Music hadn’t really come into my art until recently when I started scoring some video art that I made. Until that the practices had remained very separate. But I’ve incorporated my writing in a lot of my works. Usually the writing I use is not “found writing”, it’s always stuff that I've written in bits and pieces. I’m actually working on a piece, that I don’t think I’ll finish by the end of the year, which is really revolved around different ways of viewing and experiencing text. I'm currently in the process of creating a pier from which viewers (or rather readers) will be able to experience the text projected down onto the water. So basically, creative writing and visual arts definitely seem to come together, but not so much with music- yet.

Do you write the lyrics for your band?

Yeah, I do write a lot of the lyrics. It’s interesting because I spend a lot of time on my writing but for lyrics it’s different. People are always like “oh so you write poetry and then set music to it” but actually for me it’s not like that. Sometimes, I wish it was and I guess it is occasionally.  But when I’m writing a song, the melody or chord progression is what is often in my head first and the lyrics follow. It’s not that text gets the back burner, but it’s definitely a different kind of process for me- less calculated and more emotionally driven.

Do you have a similar artistic process for visual arts, where the text comes after?

Usually that depends. Sometimes I’ll write something and I’ll decide that it’s something I want to incorporate in a work, or I will overlay text onto something after it’s created. So there’s not really a fixed process for that.

Is there a medium you prefer to work with?

I took a ceramics class sophomore year with the artist J.J. Peet.. I think he is on leave but he’s a phenomenal artist and I think he affected my approach to art making in general. Ceramics has been a good way for me to filter my ideas. It's hands on and more immediate in many ways than other forms of sculpture, but it is of course limiting in size (at least with my current facilities) - you have to make things that fit in the kiln. I've been doing some work assembling ceramics into larger pieces with epoxy lately which has felt pretty freeing. I've also spent a lot of time experimenting with different approaches to image transfer processes onto clay- silkscreen and iron oxide. That’s what I had been focusing on, but it’s been about a year and a half of that. While I’m not ready to abandon ceramics in any way, I’m ready to start making larger works with different media. Of course it’s possible to make large ceramics, but it’s so many layers of process and relying on other people to fire the kilns etc. A lot of logistics!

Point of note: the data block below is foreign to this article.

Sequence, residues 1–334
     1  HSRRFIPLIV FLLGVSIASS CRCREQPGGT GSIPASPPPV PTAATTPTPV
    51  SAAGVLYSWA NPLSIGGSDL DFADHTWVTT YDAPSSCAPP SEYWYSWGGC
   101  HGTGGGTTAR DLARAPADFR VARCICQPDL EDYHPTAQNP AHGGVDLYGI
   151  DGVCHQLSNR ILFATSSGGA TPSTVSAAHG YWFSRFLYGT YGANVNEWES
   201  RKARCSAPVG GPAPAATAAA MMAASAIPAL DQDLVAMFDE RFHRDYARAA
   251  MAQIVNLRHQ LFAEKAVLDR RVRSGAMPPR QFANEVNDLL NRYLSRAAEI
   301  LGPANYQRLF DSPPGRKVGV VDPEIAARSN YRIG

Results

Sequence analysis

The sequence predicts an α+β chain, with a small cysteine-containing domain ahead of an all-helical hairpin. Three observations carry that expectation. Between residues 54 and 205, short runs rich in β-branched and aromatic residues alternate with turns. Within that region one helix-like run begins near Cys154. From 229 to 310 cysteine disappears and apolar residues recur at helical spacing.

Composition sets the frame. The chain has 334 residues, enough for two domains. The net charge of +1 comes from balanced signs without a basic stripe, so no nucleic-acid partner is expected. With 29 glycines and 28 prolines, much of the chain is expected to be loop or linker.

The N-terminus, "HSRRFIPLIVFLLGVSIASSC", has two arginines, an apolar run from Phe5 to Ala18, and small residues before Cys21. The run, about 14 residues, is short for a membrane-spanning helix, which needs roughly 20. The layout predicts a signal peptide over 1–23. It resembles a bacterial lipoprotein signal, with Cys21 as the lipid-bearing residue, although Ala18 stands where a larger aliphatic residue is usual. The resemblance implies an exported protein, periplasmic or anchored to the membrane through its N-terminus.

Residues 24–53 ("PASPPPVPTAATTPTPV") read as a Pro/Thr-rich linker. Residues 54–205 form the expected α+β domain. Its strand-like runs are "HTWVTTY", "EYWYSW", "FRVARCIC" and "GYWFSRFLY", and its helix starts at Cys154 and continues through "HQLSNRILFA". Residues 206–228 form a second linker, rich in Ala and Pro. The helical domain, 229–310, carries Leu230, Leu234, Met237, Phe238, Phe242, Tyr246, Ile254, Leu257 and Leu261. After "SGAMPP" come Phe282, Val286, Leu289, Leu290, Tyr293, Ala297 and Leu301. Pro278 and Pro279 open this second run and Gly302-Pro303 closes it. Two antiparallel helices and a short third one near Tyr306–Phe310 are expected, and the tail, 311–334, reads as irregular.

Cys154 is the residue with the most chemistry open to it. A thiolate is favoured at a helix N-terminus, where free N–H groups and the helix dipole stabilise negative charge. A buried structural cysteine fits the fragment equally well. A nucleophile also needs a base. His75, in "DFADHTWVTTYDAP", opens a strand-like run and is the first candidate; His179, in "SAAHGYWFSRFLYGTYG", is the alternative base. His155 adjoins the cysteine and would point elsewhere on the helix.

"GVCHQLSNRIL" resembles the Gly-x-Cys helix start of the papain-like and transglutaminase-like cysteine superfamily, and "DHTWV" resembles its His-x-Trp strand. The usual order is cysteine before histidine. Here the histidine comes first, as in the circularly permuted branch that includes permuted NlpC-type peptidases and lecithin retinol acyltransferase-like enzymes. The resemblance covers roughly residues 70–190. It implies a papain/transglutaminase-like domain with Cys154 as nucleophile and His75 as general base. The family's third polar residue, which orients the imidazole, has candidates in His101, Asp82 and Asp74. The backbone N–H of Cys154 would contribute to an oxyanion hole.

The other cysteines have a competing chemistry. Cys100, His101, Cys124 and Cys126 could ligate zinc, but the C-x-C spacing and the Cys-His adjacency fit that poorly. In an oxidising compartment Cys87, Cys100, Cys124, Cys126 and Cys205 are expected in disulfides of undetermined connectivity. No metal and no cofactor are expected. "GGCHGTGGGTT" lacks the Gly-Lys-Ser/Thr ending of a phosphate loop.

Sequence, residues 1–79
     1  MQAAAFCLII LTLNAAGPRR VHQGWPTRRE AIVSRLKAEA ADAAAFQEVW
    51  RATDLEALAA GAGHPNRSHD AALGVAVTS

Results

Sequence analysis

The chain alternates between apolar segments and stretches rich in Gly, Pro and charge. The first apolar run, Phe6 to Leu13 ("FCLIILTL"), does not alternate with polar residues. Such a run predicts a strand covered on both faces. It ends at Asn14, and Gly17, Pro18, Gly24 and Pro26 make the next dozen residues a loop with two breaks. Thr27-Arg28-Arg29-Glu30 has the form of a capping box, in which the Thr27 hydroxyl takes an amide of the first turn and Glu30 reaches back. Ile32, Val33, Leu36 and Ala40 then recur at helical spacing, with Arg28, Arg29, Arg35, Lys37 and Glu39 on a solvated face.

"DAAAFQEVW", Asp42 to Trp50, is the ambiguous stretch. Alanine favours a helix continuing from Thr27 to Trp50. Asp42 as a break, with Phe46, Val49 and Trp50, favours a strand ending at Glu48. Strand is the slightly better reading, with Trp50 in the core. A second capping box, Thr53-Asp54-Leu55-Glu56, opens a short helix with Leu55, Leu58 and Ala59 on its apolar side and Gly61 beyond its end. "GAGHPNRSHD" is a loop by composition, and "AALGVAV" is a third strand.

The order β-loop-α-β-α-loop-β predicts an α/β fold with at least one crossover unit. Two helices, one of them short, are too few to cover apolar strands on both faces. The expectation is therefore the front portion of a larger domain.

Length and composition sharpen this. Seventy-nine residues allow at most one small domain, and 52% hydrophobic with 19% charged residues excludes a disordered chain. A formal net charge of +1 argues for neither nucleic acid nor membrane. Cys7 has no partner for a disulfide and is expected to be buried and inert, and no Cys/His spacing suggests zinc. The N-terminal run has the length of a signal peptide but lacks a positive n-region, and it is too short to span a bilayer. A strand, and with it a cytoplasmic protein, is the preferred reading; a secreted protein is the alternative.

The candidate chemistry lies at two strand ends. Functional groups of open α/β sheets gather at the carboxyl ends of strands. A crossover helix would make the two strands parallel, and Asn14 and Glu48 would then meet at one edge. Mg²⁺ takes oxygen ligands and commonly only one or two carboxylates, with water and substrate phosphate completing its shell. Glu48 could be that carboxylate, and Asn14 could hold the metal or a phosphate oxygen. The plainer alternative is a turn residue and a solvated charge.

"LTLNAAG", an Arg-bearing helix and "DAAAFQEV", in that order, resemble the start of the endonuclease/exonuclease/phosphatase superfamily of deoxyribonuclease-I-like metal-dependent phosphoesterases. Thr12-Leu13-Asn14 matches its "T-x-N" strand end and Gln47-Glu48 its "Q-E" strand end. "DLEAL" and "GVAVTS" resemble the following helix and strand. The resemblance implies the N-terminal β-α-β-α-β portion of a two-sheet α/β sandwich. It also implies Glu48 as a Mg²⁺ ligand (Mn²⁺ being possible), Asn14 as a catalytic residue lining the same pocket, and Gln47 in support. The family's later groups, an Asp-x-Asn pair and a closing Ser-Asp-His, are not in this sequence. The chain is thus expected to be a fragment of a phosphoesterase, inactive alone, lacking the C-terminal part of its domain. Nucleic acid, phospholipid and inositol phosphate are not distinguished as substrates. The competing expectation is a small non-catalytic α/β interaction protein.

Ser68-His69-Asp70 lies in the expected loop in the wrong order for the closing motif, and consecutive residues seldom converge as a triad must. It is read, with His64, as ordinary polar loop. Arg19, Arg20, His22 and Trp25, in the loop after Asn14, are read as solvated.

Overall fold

Some of your pieces featured on Ratrock had representations of the female body. Are there any feminist messages you are trying to convey to the viewer?

Feminism definitely plays a role in my work. I’m always thinking about giving agency to the female body and female image.  I consider myself to be a feminist, an intersectional feminist. [Looking at pieces in her studio]— so yes, it’s definitely a part of my practice intrinsically whether it’s explicit or an undercurrent.

Do you think your political beliefs seep into your work in the same way?

I actually had this crazy thing happen: so last semester, in a pre-Trump America, I was thinking quite directly about presentation of fact versus fiction in history and trying to create my own system of prevention of false fact. As someone who is also a writer, I was drawn to the idea of creating false narratives, effectually short stories and histories and presenting them as fact, or artifact through my ceramic object. Thinking about the way in which different histories come together and pile up, notions of how we store things and archive art histories. I’ve been thinking of myself as kind of a preemptive archeologist- someone who is making something look as though it was part of history, and considering the way something in the present or recent past might be dug up in the future, discovered this way. Thinking about chronologies and nostalgia for the present.